Manufacturer and builder 5, 1870
If to a resinous solution an aniline color is added which is soluble in the same, it will of course be colored red; but when the solution is evaporated, the remnant will wither discolor the aniline entirely or give it a violet tinge, which is especially the case if a solution of common resin in alcohol has been used. If, however, a solution of shellac in alcohol is employed the remnant of the evaporation becomes beautifully blue. The product this obtained will be insoluble in ether, but soluble in alcohol and acetic acid, with a beautiful blue color. If in place of a solution in alcohol, an alkaline solution of shellac is used, and for some time boiled with red aniline, the so-called "bleu de Mulhouse", which was discovered as early as 1861 by Shaeffer and Gros Renaud, is obtained. The solutions of this blue in alcohol or acetic acid are discolored by ammonia, and turn reddish-brown by the addition of potash; but by adding a quantity of acid sufficient to neutralize the alkali, (the ammonia or the potash,) the color is restored; while an excess of acid, in case it is sulphuric, nitric, or hydro-chloric, destroys the color again. By the addition of water to the alcoholic solution, the blue color is precipitated. This color is, however, not permanent, and appears to change by the influence of air and moisture; at least, after some time it does not possess the same solubility as before. The so-called Perkins violet, the mauve-aniline, shows the same results as the Fuchsia, but the coralline acts slightly different.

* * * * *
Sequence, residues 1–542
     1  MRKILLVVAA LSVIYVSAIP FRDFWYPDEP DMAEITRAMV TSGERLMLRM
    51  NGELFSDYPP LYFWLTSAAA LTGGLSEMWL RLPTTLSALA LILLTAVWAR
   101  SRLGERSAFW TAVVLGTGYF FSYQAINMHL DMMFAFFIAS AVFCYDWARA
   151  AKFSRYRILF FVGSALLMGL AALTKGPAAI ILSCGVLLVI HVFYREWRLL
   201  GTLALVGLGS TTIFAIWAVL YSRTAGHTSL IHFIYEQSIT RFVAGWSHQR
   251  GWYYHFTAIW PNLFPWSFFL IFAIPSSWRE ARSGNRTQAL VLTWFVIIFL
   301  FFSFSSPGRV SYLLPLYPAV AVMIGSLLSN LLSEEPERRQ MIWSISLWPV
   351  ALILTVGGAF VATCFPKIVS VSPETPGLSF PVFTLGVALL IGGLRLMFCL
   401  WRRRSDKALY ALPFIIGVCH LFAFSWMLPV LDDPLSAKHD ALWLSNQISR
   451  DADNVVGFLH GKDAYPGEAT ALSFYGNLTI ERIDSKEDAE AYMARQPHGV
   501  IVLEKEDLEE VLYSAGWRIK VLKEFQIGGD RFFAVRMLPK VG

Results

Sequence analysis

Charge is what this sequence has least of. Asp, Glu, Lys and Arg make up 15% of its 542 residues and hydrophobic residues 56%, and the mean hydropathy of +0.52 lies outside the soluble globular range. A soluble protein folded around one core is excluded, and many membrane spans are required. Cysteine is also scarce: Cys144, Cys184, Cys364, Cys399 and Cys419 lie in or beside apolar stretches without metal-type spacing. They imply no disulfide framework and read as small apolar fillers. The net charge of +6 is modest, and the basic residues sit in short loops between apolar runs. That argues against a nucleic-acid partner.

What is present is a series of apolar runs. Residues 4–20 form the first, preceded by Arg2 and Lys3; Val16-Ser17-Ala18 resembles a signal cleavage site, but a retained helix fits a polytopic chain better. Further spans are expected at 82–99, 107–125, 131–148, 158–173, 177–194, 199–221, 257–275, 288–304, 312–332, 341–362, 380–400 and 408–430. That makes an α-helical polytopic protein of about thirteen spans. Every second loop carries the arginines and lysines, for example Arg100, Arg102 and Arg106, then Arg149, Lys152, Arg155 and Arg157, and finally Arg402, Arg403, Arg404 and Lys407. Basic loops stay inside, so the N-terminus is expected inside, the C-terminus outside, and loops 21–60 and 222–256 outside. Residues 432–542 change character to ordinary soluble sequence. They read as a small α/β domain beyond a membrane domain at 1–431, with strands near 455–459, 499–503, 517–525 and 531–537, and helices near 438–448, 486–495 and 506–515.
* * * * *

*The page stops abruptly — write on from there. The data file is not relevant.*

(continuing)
The above-described action is only produced when using the shellac; and as even a very small quantity of the same is sufficient to produce the blue color, the reaction may be used as a test to recognize aniline red. But what is of more importance, aniline red may in turn be used to detect the presence of shellac in a mixture, or rather solution, of different resins.